Three Ways to Get Rich

Last night I watched Michael Moore’s documentary Capitalism: A Love Story. As always with his films, I found it to be entertaining propaganda.

One of his primary arguments is that the rich have duped “the rest of us” (Moore brilliantly aligns himself with the workingman) into believing in capitalism by spreading the myth that anyone in America can become rich.

It’s a wonderful irony. Here is a guy, the son of an autoworker from Flint, Michigan, who gets rich in America through hard work and initiative… and then makes a movie whose premise is that you can’t do that.

The truth, as Moore sees it, is that the only power the poor have over their financial future is to vote in social democracy — where the “system” works to put more money in the pockets of the working and middle classes.  (Though, as history has proven, that doesn’t usually happen.)

The reason socialists have a problem with capitalism is that it cannot make everyone wealthy. And that’s true. At ETR, we like the idea of making the world a richer place. But we know from experience that it can be done only one person at a time.

We have long given up on the idea of making every lazy, stupid Tom, Dick, and Harry rich. We prefer to give individual people the tools they need to make their own money.

And this brings us to the question Moore raises in his film: Is it possible for an ordinary person — without special contacts or resources — to become wealthy in America today?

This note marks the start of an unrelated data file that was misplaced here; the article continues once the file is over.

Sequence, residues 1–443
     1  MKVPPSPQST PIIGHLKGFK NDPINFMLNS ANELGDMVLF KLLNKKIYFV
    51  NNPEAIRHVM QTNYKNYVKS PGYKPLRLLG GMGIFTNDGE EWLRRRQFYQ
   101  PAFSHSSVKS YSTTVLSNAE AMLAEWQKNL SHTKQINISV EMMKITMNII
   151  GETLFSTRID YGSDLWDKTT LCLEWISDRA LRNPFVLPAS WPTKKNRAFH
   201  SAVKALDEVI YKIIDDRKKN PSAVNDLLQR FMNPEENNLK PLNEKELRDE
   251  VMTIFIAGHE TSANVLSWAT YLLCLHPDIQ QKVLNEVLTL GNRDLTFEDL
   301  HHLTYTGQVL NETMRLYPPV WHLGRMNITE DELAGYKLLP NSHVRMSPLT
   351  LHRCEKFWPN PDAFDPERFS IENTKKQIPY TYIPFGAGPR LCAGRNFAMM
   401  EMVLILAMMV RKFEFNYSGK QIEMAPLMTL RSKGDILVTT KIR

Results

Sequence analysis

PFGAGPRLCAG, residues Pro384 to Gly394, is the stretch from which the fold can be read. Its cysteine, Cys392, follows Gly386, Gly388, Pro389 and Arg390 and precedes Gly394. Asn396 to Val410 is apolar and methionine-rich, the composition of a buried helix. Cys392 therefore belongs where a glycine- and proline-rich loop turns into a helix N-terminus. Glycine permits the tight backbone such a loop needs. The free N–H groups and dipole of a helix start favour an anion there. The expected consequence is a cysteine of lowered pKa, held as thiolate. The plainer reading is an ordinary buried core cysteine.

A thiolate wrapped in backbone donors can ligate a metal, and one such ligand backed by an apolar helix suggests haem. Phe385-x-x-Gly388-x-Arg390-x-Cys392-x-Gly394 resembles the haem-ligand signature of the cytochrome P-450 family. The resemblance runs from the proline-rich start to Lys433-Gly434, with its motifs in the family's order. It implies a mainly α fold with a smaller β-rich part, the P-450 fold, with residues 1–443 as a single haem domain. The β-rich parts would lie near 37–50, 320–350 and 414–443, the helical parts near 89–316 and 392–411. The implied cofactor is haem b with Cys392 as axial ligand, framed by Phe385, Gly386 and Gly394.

I’ve been studying that question since I started writing ETR 10 years ago. And it’s clear to me that ordinary, unconnected, wage-earning Americans become wealthy all the time.

Consider this: According to a study conducted by Merrill Lynch, there were 10 million millionaires in the world in 2009, 17 percent more than the year before. And 3.1 million of them were in the U.S.

I’ve mentored at least a dozen people who started out at the bottom and are now multimillionaires. So Moore’s premise, I’m saying, is bullshit. You can get wealthy in America. And there are three ways to do it:

  • You can get wealthy by scrimping and saving.
  • You can get wealthy by hoping and praying.
  • You can get wealthy by earning and investing.

Getting Rich by Scrimping and Saving

The Millionaire Next Door, a bestselling book in 1996, made the shocking revelation that the typical American millionaire didn’t acquire his wealth by starting a business or becoming a banker or through any of the other ways that are celebrated in books and movies.

It turns out that most millionaires got rich by scrimping and saving.

Anyone — and I mean anyone — can get rich this way. You can start out broke. You can be illiterate. You can be a minority. You can be handicapped. In fact, you can be a dead-broke, illiterate, quadriplegic American Indian and you can still get rich this way.

Why? Because if you follow the scrimping and saving formula, it is a mathematical certainty. A 100 percent sure thing.

Start with $5,000 in the bank. Then set aside $470 a month in a conservative savings program (say tax-free bonds) earning, on average, 5% (the 100-year historical average). You will have just about a million in the bank when you are ready to retire.

If you start when you are 20, you’ll be a millionaire – no doubt about it – when you are 65 years old. If you continue to save for another 10 years, your wealth will increase to $1.7 million. By the time you are ready to leave money to your grandkids or the Metropolitan Opera, you will have a fortune of $3 million.

Getting rich this way doesn’t require guts or brains. All you need is a commitment to work enough to make enough money to save every month, and the discipline to keep socking it away.